عنوان مقاله [English]
Introduction: National pride is one of the sources of citizens’ identity; therefore, it is very important in developing countries. As a developing country, Kazakhstan is one of the most necessary and important countries in Central Asia. This country gained independence in 1991 with good political and social stability. In this regard, the results of international values survey also show that the citizens of this country have relatively high national pride (mean=3.40). Based on this, the aim of this research is to investigate the impact of social capital as a new concept in political science on the national pride of Kazakh citizens in recent years. This research has been done quantitatively using the secondary analysis of statistical data of "The World Values Survey" (WVS). After dividing social capital into five components, the results showed that three components of social capital, belief in the importance of democracy in society, political trust and membership in social associations, have a positive effect on strengthening the national pride of Kazakh citizens. The findings show that the effect of generalized social trust and religious values on the national pride of Kazakh citizens was not significant.
Questioning the identity of people and societies is one of the most important intellectual issues of mankind throughout history. In this regard, the national pride is a concept close to national identity. One of the regions where national pride has become very important in recent years is Central Asia.
With the collapse of the former Soviet Union, five countries emerged in Central Asia, the largest of which is Kazakhstan. Kazakhstan tried to separate its political and administrative system from Russia. Of course, creating and producing identity and expecting its legitimacy in society is a natural thing; one cannot simply act vertically and from top to bottom. In other words, in order to succeed in this matter, it is necessary for the norms, values and customs and social networks and links to help the governments and help them in reproducing their national identity. In this regard, the present study was conducted with the aim of investigating the effect of some elements of social capital on increasing the feeling of national pride in Kazakh citizens.
Research Question: How do the different components of social capital effect on the development of national pride among Kazakh citizens?
Research Hypothesis: Improving social trust, increasing social norms and social networks and relationships have positive effects on national pride among Kazakh citizens.
Methodology and Theoretical Framework: The methodology of this research is quantitative and based on secondary analysis. The statistical population of this study is all regions of Kazakhstan. The data used to test the research hypotheses were extracted from the WVS Wave 7 dataset (2017-2020). The sample size in this research is 1276 people. Volchok and Narayan believe that the reduction of capital and social bonds in societies weakens the will of individuals to defend their identity and collective interests. In other words, it can be claimed that the nature of social identities requires the expansion of social relations and solidarity, whether mechanical or organic. Considering why social capital has a positive effect on citizens’ national identity, Ikeda et al, argue that the expansion of face-to-face interactions and strengthening of the collective spirit in community creates better feelings toward the community among citizens. From this point of view, social bonds reinforce valued norms and mutual relationships experienced by individuals, which creates a sense of altruism in society. This research tries to test the hypotheses by using Putnam’s (2000) theory and his division of social capital into three components of social trust, social norms, and social networks.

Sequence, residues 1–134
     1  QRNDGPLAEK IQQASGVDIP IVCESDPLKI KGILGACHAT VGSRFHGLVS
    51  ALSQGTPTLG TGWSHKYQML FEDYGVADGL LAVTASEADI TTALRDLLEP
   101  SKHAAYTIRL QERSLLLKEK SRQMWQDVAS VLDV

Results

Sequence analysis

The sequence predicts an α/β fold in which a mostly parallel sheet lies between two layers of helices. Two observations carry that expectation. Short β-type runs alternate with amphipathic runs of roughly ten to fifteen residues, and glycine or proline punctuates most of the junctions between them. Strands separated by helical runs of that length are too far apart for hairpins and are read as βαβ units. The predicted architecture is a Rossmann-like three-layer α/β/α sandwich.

Results and Discussion: After dividing social capital into five components, the results showed that the three components of social capital, the belief in the importance of democracy in society, political trust and membership in social associations, had a positive effect on strengthening the national pride of Kazakh citizens. The findings show that the effect of generalized social trust and religious values on the national pride of Kazakh citizens is not significant.
Conclusion: The results show that the citizens of Kazakhstan have a high sense of pride toward their country and an average of 3.40 for the variable of national pride of Kazakh citizens confirms this issue. A recent wave of WVS data shows that more than 90 percent of Kazakhstani citizens are very proud of their country. This is important because, firstly, Kazakhstan has only been independent for about twenty-one years. Also, various ethnic and religious minorities live in this country which is usually challenging to form a national identity. The results show that even the Russian minority living in Kazakhstan, who are citizens of this country are very proud of their country and are considered a part of the country’s history (average national pride for the Russian minority in Kazakhstan 24 / 3, which is higher than the average of 2.5). The results also show that this variable, i.e., social capital, explains about 10% of strengthening national pride. Considering that various causes and factors affect the phenomena of humanities and especially political science, this level of explanation of national pride by the variable of social capital is completely acceptable.